Nerves, Fears, Tears: a High School Orientation Story
We got up early this morning to get ready for my daughter’s high school orientation. She was quieter than usual, I’m sure because she was nervous. You see, she’s going to a different high school than all of her friends. She’s starting out not having a single friend there.
I walked her up to the school to turn in her paperwork and she asked me to wait with her. As we sat waiting for the gym to open, we scanned the crowd, hoping to maybe find a familiar face. She saw a couple of boys she knew, but refused to talk to them because it was “too awkward.”
(Speaking of awkward, I tried taking a picture with her as we sat waiting and OHMYGOD SO EMBARRASSING MOOooOOOm. But, I got my picture, even if it is only half of her face.)
I said a silent prayer that she would find ONE person she knows, but as each minute passed, not a single familiar face in the crowd of kids.
“I feel like I don’t belong here.” She said. Her words hit me like a punch to the gut. How could I just get up and leave my girl in a place where she felt so alone, so awkward, so out of place?
I tried my best to assure her that she was going to be okay and that she did belong there, even if it didn’t feel like it in that moment.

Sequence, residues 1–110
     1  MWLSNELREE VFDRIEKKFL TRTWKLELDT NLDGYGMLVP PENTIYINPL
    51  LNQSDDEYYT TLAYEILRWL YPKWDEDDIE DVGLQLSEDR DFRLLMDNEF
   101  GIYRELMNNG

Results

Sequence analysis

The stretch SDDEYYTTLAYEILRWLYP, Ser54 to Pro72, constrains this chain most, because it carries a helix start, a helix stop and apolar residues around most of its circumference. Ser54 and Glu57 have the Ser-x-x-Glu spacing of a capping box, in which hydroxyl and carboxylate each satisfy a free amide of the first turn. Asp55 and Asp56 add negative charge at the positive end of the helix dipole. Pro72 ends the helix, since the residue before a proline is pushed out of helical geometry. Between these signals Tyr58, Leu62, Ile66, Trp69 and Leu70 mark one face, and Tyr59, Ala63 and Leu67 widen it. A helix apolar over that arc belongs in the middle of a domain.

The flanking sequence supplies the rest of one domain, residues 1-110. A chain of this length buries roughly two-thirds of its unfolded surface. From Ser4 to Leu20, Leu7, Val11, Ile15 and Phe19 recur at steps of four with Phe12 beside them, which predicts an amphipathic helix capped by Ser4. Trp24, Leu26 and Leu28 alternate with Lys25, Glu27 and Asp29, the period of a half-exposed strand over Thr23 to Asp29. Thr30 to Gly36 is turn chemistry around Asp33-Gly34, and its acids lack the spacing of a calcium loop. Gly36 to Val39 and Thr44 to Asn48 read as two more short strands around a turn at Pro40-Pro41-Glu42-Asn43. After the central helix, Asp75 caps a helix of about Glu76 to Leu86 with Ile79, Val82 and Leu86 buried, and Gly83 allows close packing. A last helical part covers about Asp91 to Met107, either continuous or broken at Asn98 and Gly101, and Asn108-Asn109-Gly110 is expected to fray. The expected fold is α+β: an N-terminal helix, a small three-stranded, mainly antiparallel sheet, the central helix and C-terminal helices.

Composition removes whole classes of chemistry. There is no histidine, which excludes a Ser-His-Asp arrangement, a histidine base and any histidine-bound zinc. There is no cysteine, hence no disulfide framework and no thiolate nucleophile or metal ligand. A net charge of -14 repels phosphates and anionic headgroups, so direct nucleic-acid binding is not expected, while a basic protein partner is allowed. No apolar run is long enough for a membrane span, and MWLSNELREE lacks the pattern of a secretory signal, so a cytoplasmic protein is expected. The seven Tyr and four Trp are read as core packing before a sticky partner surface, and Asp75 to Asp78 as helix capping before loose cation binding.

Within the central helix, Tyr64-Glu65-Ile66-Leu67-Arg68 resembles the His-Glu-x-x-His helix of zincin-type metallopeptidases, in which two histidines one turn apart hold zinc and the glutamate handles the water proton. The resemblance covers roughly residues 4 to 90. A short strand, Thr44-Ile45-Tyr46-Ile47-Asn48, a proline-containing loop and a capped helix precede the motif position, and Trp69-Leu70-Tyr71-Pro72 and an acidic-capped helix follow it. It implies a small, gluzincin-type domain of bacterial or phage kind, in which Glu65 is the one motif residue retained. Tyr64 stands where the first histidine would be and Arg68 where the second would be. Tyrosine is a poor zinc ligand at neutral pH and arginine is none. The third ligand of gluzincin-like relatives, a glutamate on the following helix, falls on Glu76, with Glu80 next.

“You’re going to meet people today, you will find your people, girl. Maybe not today, maybe not even for a couple of weeks, but you WILL find your people.”
Just as I had given up all hope that she was going to find a friend, she noticed a girl that also went to her Jr.High. “There’s B!” She said. She pointed her out to me and I asked if she was a friend. She told me she didn’t know her well, it was just someone she had casually talked to a few times. I encouraged her to walk over and say hello, but the thing about my daughter is that she is super shy and making small talk or friends does not come easy to her. I pretty much had to force her to walk over and say hello.
She walked up to B, tapped her on the shoulder and said hello. B smiled and gasped. “Oh my God, G! I’m so happy to see you! Can I please walk in the gym with you?” AND THEN THE GIRL STARTED TO CRY. Like, literal tears began falling fast down her face. She, too, had been nervous about not knowing anyone and she was so relieved to see a familiar face, so happy to not have to walk into the gym all alone.
I couldn’t hold my tears back any longer. I just lost it. And so did B’s mom. We said goodbye to our girls and they walked off together, smiling, both happy to not have to face this huge milestone all alone.
I sat in the car for a few minutes to collect myself and drove off feeling grateful that at the last minute, my girl found a new friend to by her side as she began her high school experience.
GOD. PARENTING IS THE WORST.
(But also, the best.)